HotDrink Overview

HotDrink is a JavaScript library for User Interface programming. Instead of requiring programmers to write explicit event handlers, HotDrink derives user interface behavior from a declarative specification of data dependencies.

Consider, for example, a form for specifying a cropping region for an image.

Example: Cropping region of an image

This form contains several variables — e.g., the left and right boundaries, the width of the region, and the aspect ratio of the region — with many dependencies between these variables. To use HotDrink to manage these dependencies requires two steps.

First, you must define the variables and the dependencies, as follows.

function  sum( a, b ) { return a + b; }
function diff( a, b ) { return a - b; }
function prod( a, b ) { return a * b; }
function quot( a, b ) { return a / b; }

var model = new hd.ModelBuilder()
    .variables( {left: 0, top: 0, right: undefined, bottom: undefined,
                 width: 200, height: 200, aspect: undefined} )

    .constraint( 'left, right, width' )
      .method( 'left, width -> right', sum  )
      .method( 'right, width -> left', diff )
      .method( 'right, left -> width', diff )

    .constraint( 'top, bottom, height' )
      .method( 'top, height -> bottom', sum  )
      .method( 'bottom, height -> top', diff )
      .method( 'bottom, top -> height', diff )

    .constraint( 'height, width, aspect' )
      .method( 'height, aspect -> width', prod )
      .method( 'width, aspect -> height', quot )
      .method( 'width, height -> aspect', quot )


Second, you must bind the variables to the elements of the web page that represent those variables. This can be done by adding an attribute to the tag to which you want to bind.

    <td><input type="text" data-bind="hd.numVar( left )"/></td>
    <td><input type="text" data-bind="hd.numVar( right )"/></td>
    <td><input type="text" data-bind="hd.numVar( width )"/></td>
    <td rowspan="2">Aspect:</td>
    <td rowspan="2"><input type="text" data-bind="hd.numVar( aspect )"/></td>
    <td><input type="text" data-bind="hd.numVar( top )"/></td>
    <td><input type="text" data-bind="hd.numVar( bottom )"/></td>
    <td><input type="text" data-bind="hd.numVar( height )"/></td>

Using these two specifications, HotDrink is able to ensure that all data dependencies are automatically upheld.

Not only can HotDrink enforce data dependencies, but it can also use them as the basis for other useful user interface behaviors. Consider, for example, a travel expense report form.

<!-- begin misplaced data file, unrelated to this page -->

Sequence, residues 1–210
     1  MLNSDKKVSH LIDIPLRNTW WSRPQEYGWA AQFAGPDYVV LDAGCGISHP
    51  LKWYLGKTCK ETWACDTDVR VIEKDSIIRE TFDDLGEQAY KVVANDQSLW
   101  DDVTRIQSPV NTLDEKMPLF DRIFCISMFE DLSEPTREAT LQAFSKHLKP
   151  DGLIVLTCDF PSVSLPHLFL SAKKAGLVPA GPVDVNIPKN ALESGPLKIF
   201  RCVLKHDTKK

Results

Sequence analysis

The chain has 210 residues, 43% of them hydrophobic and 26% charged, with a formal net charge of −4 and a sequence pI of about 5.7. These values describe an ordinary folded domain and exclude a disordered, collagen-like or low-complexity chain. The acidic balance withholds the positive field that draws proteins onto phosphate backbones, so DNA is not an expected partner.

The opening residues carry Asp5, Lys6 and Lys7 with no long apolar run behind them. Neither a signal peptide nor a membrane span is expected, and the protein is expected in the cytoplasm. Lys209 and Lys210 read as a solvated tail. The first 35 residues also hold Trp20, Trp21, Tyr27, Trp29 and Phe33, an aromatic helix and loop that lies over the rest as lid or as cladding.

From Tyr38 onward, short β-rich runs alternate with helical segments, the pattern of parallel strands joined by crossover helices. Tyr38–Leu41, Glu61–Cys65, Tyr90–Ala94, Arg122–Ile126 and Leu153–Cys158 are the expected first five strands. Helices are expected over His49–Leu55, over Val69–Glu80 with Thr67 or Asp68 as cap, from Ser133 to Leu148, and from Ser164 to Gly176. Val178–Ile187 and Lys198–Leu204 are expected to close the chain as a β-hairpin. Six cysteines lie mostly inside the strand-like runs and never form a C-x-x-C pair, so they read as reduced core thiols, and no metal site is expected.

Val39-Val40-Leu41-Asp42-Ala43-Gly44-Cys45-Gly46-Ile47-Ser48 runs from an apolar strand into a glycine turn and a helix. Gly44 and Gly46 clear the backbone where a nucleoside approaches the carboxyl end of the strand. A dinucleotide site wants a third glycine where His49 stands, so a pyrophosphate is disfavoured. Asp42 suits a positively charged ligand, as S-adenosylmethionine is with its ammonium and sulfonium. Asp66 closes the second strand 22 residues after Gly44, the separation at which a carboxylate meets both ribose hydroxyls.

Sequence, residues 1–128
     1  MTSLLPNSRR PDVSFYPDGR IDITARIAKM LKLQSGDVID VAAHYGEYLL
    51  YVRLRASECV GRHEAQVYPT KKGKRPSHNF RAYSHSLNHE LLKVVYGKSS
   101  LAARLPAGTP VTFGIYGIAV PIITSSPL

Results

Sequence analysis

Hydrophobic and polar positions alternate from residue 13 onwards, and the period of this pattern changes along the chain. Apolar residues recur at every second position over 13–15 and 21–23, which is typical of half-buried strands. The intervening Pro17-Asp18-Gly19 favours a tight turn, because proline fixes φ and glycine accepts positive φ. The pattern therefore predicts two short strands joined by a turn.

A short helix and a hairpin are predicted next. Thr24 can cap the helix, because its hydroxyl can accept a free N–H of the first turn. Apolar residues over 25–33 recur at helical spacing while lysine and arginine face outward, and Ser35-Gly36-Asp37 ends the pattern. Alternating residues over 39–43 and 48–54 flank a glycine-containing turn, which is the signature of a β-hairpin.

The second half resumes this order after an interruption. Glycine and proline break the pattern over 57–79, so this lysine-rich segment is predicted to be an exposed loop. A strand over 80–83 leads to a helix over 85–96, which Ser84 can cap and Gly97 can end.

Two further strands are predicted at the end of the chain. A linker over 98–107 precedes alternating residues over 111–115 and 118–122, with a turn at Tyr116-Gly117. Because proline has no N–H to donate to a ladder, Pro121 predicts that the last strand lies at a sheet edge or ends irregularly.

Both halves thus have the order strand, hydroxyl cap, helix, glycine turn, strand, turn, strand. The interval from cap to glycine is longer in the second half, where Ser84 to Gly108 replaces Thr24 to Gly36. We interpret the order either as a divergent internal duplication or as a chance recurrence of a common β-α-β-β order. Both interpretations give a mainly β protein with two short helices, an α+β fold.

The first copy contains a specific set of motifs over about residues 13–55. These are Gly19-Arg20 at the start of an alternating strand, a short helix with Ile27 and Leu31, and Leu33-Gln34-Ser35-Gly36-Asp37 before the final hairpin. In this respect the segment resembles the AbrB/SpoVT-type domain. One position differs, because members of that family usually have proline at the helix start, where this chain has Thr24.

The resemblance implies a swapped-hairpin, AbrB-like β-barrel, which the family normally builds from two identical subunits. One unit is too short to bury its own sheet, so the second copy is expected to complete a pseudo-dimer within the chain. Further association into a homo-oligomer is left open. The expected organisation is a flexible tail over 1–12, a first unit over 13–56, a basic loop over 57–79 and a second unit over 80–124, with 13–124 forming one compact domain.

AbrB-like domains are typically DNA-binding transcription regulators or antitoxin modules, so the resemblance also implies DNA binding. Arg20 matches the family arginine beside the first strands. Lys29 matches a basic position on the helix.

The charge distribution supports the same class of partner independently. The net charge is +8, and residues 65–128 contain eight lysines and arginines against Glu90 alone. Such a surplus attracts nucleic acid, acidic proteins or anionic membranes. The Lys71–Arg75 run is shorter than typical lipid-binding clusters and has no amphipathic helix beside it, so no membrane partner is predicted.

Example: Travel expense report

Not only does HotDrink enforce the dependencies between the variables in this form, but it also detects when variables are no longer affecting the output of the form and disables the corresponding widgets. This behavior does not require any additional work on the part of the programmer.

HotDrink is designed to handle asynchronous dependencies. This means, for example, dependencies can be based on Ajax calls or web workers. Consider an application for calculating stock prices.

Example: Stock price checker

The data dependency between the stock symbol and the stock price is enforced by means of an Ajax call to a web service. This dependency can be enforced regardless of how long it takes the Ajax request to be completed. In fact, HotDrink ensures that any sequence of edits will always eventually end in the same results, regardless of how long it takes to enforce the dependencies.

To illustrate this, consider a simple example involving three circles.

Example: Dragging circles

We define a simple data dependency between the centers of these circles that ensures that they will always remain a certain distance apart. This creates the illusion that they are pushing each other around the screen. Watch what happens when we deliberately slow this dependency down.

Example: Dragging circles slowed down

By adding a delay to the calculation, we have made the effect much slower. However, the end result of any particular movement is always the same as if the effects were immediate. This illustrates how HotDrink ensures data consistency despite any delays that data dependencies introduce.

Example: Dragging circles slowed down with shadows

To make it clear what HotDrink is doing, consider a third example with six points: three for circles, and three for shadows. Since the shadows cannot be edited (i.e. cannot be dragged) they make it clear how HotDrink remembers all previous positions and uses them in the calculations.

To learn more about HotDrink, please see How to use HotDrink.